As regards our wheat surplus, consideration should also be given to the fact that whereas our normal wheat crop is 325 million bushels per year, in the past three years the prairie production of wheat has reached anything from 529 to 664 million bushels. A total of 1,855 million bushels of wheat have been harvested in the past three years, compared with an average pre-war harvest of approximately 936 million bushels over a similar period, and which means in effect that the production has been practically doubled.

Our normal exports would have been adequate to absorb the pre-war production, but they have not been sufficient to keep pace with the production for the past three years. The record shows that in 1950 producer marketings were 367,845,000 bushels which was high for the period 1944 to 1950. In 1951 our producer marketings were 455,341,000 bushels. In 1952 our producer marketings were 535,942,000 bushels, and in the period August 1 to March 3 inclusive our 1953 marketings were 263,200,000 bushels for a period of seven months.

An analysis of these figures indicates that had we been producing average crops then we would not have had sufficient grain to fill the markets which we have had in the past three years. An examination of any of the records of the wheat board and board of grain commissioners will indicate that our exports exceeded 500 million bushels last year and our consumption last year, including grain for milling purposes, exceeded a total of 200 million bushels making a total in excess of 700 million bushels disposed of in the past year.

The wheat board is faced with a serious problem, but I have every confidence that if markets are to be obtained every effort will be made by the government to obtain these markets. We must admit that the marketing of these huge stocks of grain presently on hand presents a serious problem, and while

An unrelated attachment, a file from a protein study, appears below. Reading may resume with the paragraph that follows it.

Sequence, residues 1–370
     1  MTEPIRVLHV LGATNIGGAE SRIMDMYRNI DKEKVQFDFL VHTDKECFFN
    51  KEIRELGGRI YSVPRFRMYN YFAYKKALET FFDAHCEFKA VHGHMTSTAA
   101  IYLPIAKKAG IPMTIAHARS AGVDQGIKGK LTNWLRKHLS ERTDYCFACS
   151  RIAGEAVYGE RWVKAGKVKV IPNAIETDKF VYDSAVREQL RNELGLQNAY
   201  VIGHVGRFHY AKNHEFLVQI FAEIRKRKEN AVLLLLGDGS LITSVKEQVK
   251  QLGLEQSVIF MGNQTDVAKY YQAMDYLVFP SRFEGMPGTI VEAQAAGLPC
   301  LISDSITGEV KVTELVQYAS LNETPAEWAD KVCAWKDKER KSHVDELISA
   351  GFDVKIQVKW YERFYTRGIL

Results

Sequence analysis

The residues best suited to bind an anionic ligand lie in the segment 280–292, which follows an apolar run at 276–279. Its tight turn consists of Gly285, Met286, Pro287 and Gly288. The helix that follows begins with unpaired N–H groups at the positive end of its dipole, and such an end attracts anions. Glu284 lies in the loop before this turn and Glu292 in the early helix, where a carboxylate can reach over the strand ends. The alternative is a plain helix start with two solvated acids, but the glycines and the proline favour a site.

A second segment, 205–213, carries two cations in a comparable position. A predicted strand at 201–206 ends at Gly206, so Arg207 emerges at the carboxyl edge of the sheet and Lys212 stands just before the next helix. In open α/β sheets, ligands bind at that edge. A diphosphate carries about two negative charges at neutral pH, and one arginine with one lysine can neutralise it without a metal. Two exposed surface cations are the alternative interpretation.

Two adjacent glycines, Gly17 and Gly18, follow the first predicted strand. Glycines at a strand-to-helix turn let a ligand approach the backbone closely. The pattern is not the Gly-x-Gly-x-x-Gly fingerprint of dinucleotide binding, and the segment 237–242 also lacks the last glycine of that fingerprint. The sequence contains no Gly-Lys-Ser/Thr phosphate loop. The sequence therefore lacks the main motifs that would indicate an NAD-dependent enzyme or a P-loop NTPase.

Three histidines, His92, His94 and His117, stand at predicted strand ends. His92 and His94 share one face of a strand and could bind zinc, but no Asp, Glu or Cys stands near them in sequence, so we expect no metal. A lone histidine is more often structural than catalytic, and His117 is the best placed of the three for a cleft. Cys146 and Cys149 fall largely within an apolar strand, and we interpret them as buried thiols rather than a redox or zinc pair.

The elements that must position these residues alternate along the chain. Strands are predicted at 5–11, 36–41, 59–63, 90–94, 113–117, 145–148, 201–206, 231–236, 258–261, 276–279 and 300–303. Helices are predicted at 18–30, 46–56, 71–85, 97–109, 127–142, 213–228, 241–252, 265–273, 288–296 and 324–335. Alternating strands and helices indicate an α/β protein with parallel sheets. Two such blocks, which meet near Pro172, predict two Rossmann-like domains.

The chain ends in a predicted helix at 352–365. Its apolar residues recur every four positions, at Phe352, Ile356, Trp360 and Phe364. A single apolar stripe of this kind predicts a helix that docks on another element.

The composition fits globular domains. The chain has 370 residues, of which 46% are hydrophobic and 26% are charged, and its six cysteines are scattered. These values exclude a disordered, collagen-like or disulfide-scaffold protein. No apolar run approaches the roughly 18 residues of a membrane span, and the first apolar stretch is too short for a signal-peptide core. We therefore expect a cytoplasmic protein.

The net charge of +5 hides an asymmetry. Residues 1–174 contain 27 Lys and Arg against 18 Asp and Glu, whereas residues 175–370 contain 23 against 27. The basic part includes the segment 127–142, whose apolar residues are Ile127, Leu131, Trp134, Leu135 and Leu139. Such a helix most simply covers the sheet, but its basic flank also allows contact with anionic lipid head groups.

it is anticipated that the world demand for wheat will eventually increase so as to take care of the situation, there remains the immediate problem of disposing of the wheat now at hand.

In presenting his budget the Minister of Finance (Mr. Abbott) made the welcome announcement that there would be no tariff increases. Our economy is dependent upon exports and any steps taken by the government to curb international trade is bound to have an adverse effect upon the export of our produce. The minister admitted that considerable pressure was being put on the government for tariff protection in various industries, and he is to be commended upon the stand he has taken in this regard. We therefore welcome the minister's announcement to the effect that there will be no tariff increases, and we agree with his opinion that tariff increases are not in the best interests of Canada.

In his budget speech the minister referred to the fact that there had been a return to normal competitive conditions in world markets, and he pointed out that any retrograde step towards protectionism at this time would jeopardize any prospects for real progress in this country.